CWBR: Is this goal something that's closed over time? How does it break across the spectrum? Because in the book, some of these white officers appear to become more sympathetic and others are okay with leading black soldiers but still have a really difficult time with the notion of black citizenship and how service in the army is going to be a foundation toward black citizenship and voting rights.

DE: It varies. Most of the guys I followed did change over the course of the war. If a ghastly Civil War won't change your attitude then nothing will. Lincoln changes at the top. When Rob Shaw first signs on, he's reluctant to do so because he's with his band of brothers in his white regiment. He's also afraid his that his fiancé will look down at him for leading black soldiers in battle because it's almost a disreputable thing to do, in Northern opinion. He first, and so famously, is a "negro colonel" and of course he doesn't use the term "negro." But he stops, about two months into the training he realizes how good these guys are as soldiers. He dies at the age of 25, kind of a much more enlightened person. And two brothers from Philadelphia who I also follow Ned and Pen Hallowell, they also show real progress and they actually look to appreciate the guys, they're leading. And the fourth white officer I followed, Charles Francis Adams Jr., he's an Adams, he comes from this long line of anti-slave politicians. He never learns to understand, or like, the guys he leads in the 5th Cavalry. Basically he goes to his grave harboring doubts about the ability of black men to be horsemen, to be efficient cavalry men. Later in life he turns on Reconstruction, he turns on black voting rights, he turns on Irish voting rights. Given Adams is a prickly, not very lovable guy. But the war changes most of these people.

CWBR: One final question, how do many of the soldiers in these regiments transition from being a soldier into a citizen? How long does the war stay with them and in what ways does it stay with them?

DE: They're always really, really proud of their service. One of the photographs I have, in the book, is late 19th century when the Shaw monument was put up in Boston and survivors come and march. By this time these are old guys, but they want to be there for their last reunion. So they're always really proud of their service. Most come back to the north, only Steven Swails settles for a time in South Carolina. But they're determined to change the north as well, bear in mind of course, only in New England could black men vote before the war. Equal basis with white men. New York has a property qualification that is not imposed on white voters. Lincoln's Illinois, black men can't vote at all, Pennsylvania they can't. And that's where these guys are coming from. So when they come home they're going to make certain that the world they live in, is changed. There will be decent schools for the children, and integrated streetcars for themselves. And again these are guys who faced tough fire during the war so they're not going to back down when someone tells them to get off their streetcar. One of the guys that I follow, is Lewis Douglass, the son of Frederick Douglas, who's a sergeant major when he's badly wounded in Fort Wagner and mustard out and after the war he's ice skating outside of Baltimore and some white toughs want him off the rink, so he takes his skates' shoe and he puts it on his hand like a glove and goes after these guys and almost cuts one's thumb off. These are guys, they faced tough battle and they're not going to back down now so for them the war is just part of their crusade. It's not the end of their determination to fundamentally change America.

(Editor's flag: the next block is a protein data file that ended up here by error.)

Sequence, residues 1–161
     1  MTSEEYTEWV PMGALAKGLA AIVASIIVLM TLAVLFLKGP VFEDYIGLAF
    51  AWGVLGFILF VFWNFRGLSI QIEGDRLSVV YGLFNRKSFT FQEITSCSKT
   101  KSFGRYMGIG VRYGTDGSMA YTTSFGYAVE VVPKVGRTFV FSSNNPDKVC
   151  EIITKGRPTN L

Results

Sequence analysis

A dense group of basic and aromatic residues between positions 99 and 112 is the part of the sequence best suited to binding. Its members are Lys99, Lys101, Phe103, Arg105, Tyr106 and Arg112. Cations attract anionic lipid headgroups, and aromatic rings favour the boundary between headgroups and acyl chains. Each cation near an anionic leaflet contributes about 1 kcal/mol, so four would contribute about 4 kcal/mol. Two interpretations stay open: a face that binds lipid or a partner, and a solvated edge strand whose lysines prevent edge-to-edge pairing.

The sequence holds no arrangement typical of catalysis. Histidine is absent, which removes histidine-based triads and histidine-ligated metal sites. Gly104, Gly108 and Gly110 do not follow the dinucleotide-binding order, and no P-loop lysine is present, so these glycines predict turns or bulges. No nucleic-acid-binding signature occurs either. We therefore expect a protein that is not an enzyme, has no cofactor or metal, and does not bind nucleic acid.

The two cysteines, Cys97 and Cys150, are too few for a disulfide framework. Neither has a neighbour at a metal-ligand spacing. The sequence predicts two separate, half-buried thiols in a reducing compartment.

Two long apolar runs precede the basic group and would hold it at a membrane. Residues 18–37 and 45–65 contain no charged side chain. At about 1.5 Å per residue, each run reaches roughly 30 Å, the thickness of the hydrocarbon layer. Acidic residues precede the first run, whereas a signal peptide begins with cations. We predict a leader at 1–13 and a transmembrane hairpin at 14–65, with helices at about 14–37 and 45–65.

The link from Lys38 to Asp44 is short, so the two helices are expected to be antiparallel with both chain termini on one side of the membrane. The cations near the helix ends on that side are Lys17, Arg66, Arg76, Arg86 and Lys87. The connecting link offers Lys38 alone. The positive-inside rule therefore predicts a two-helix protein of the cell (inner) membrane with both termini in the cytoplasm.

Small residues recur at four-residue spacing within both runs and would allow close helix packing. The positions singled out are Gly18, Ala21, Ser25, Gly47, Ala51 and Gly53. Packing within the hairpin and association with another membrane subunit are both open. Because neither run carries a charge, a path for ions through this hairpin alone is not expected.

CWBR: Professor Egerton, I appreciate you taking the time to sit and discuss your most recent work, Thunder at the Gates: The Black civil War Regiments that Redeemed America.

DE: It was a pleasure, thanks so much.

review of CWBR Author Interview:
Thunder at the Gates: The Black Civil War Regiments That Redeemed America
, by Egerton, Douglas R., Civil War Book Review, (Spring 2017).